She may often write about a galaxy far, far away, but Judy Blundell does so from a home in Stony Brook residents’ own backyard. Blundell, also known as Jude Watson, is a best-selling author of fiction for children and young adults.
She has written somewhere around 70 books since she began writing in the mid-1990s, though she said in a phone interview last week she lost count. More than 40 of those are “Star Wars” novels written in the time that falls before, after and between the stories depicted in the seven films released to date.
Blundell, as she’s known when writing historical fiction stories for young adults, lives close enough to Stony Brook Harbor to hear seagulls and ferries while she sits in her office. She also spent time living in California, New York City, Florida, Washington and Delaware, among others.
“Coming back to Long Island is a place I know really well, and it has really been a joy to wind up in this beautiful place, Stony Brook—it has been wonderful,” Blundell said. She was born in Brooklyn and grew up in Queens.
Her mystery and adventure stories for children, usually in the ages 8 to 12 range, get the byline Jude Watson. The scenery in her hometown coupled with her own curiosity are her major sources of inspiration, she said.
“I think the world around me is a varied and fascinating place,” Blundell said. “I’m always interested in people, overheard conversations, things I witness on the subway if I’m in New York or in Target or wherever. Writers are always looking for characters. And very often, books, for me, start with a character rather than a situation and then you sort of write your way into figuring out what the story is.”
Blundell conceded she has had plenty of days with no inspiration, but her remedy is to power through. She offered that as advice to aspiring young writers: Even if you think what you’re producing is terrible, you have to keep writing. “Inspiration exists, but it has to find you working,” Pablo Picasso once said, and Blundell said she shares that philosophy.
Blundell has appeared on the New York Times bestseller list several times in her career. In 2008, she received a National Book Award for young people’s literature for the first story she ever put her real name on: “What I Saw and How I Lied.”
Blundell’s husband of more than 30 years, Neil Watson, executive director of the Long Island Museum, said he’s her biggest fan.
“I have the highest respect for her and as a writer, I think it’s tremendous that she has gotten the critical and popular acclaim that she deserves,” Watson said of his wife in an interview. “She is a wonderful writer. She’s a very generous person with her craft and with her ideas.”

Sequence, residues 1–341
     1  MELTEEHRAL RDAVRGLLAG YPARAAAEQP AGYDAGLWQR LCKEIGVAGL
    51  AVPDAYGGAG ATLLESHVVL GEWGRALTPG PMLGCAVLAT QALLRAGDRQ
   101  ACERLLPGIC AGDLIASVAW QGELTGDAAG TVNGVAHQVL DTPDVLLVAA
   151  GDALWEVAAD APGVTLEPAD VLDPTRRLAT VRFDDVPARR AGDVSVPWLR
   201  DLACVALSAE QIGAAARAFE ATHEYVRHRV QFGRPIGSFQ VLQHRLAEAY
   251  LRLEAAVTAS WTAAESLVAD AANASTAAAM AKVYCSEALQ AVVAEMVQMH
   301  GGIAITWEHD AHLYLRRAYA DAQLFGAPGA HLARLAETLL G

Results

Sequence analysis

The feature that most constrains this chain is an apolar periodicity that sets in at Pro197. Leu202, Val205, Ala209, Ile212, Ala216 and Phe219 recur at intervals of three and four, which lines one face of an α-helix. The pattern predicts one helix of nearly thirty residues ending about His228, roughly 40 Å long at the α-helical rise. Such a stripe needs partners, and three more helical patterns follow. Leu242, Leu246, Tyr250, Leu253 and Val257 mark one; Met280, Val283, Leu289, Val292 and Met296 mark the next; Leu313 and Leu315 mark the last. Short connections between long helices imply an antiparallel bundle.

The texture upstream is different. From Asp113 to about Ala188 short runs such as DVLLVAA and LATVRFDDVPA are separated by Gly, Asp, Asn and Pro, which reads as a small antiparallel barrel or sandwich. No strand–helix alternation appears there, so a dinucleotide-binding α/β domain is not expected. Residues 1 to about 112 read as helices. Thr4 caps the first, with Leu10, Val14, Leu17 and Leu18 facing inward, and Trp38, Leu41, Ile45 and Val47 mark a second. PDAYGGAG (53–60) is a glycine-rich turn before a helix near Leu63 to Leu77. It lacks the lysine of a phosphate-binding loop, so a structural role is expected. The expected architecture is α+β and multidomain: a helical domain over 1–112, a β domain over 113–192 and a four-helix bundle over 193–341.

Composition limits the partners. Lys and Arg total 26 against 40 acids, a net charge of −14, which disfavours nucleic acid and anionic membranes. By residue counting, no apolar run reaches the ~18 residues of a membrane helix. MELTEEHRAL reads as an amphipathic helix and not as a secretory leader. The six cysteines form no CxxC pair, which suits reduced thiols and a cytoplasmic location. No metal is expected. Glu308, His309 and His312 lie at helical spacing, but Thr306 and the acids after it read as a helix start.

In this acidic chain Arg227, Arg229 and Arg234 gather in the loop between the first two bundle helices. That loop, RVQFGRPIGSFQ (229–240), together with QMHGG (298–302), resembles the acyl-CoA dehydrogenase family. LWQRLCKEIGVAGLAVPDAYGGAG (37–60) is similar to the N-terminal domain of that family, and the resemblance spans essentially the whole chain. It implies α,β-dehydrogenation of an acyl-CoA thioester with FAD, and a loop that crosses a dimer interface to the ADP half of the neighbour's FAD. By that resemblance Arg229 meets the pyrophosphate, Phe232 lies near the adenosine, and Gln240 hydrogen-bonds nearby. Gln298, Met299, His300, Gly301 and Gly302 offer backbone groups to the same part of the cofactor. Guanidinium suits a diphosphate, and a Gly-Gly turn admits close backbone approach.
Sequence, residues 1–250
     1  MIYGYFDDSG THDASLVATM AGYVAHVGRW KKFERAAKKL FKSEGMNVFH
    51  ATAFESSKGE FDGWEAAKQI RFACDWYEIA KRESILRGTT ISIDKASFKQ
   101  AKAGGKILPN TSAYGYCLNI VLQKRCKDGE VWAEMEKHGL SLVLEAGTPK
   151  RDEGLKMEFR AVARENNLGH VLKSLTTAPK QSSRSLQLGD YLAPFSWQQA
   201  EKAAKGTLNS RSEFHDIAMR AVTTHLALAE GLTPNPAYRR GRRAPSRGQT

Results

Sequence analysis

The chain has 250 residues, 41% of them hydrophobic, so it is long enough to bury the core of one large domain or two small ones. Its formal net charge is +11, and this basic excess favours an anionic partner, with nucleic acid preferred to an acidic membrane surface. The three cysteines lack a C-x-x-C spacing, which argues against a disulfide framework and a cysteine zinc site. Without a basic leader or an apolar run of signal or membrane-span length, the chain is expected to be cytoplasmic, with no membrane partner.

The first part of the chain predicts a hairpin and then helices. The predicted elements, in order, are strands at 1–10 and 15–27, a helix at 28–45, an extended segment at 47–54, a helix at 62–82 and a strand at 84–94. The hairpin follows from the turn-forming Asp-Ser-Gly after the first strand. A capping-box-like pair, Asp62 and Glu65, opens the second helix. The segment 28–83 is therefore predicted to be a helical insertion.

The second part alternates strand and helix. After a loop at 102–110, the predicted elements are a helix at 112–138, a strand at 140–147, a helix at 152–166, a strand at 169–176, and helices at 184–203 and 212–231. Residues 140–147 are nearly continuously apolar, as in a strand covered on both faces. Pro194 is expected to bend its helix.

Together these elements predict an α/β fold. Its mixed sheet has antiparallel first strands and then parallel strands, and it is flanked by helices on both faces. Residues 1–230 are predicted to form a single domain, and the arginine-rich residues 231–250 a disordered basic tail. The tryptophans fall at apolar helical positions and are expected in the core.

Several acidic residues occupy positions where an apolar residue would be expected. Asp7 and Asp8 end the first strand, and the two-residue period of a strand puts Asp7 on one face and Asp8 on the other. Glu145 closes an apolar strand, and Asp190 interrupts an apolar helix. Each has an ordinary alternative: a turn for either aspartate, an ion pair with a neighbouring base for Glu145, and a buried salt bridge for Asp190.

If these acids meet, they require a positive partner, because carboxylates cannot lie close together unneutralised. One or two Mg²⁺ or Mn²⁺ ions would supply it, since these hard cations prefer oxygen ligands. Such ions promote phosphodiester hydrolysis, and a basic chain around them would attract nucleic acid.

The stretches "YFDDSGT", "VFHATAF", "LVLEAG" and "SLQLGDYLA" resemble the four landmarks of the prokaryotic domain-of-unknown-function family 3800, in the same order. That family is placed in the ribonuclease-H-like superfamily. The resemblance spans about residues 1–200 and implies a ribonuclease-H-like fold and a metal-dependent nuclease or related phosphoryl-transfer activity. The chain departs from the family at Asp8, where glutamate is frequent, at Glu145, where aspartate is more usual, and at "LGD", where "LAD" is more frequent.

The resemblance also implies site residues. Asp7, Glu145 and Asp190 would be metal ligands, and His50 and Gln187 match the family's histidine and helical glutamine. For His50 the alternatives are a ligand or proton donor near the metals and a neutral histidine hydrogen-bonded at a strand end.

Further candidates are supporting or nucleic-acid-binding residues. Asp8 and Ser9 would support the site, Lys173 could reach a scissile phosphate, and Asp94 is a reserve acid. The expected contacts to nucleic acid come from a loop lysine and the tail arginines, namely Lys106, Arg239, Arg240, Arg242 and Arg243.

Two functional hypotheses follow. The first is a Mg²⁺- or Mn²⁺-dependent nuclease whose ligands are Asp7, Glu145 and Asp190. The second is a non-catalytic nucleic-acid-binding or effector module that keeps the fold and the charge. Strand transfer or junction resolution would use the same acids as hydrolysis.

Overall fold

Together the couple has cultivated a love of the arts in their 15-year-old daughter Cleo, who is a talented artist in her own right. She is a member of the National Junior Art Society.
“It’s just a part of our house,” Watson said of art in their Stony Brook home. “It’s the home of a museum curator and a writer. Music is constantly on—all types.”
Blundell spoke fondly of her foray into the world of Star Wars, but also mentioned she had fun writing her last novel, “Sting,” which was a follow up to a story she wrote called “Loot,” about a successful jewel thief and his son.
“It was difficult to write because it was a ‘heist’ book, so the plots are very tight and obviously I’m not a jewel thief, so there’s a lot to figure out,” Blundell said, laughing. “But they’re meant to be fun to read and they can’t be fun to read if they’re not fun to write on some level, as hard as they are.”
Blundell said one of her goals is to write stories for kids who view reading as more of a chore than a pleasure.
“I consciously wrote [Loot and Heist] for kids that don’t normally like to read, what we call reluctant readers,” she said. “So the chapters are very short, there’s a lot of action, there’s a lot of fun; there’s a lot of jokes for that reason.”
Blundell said she is currently working on a novel that will be geared more towards adults, though that’s the most she wanted to divulge about it at the moment. To learn more about Blundell and her work, visit her website: www.judyblundell.com.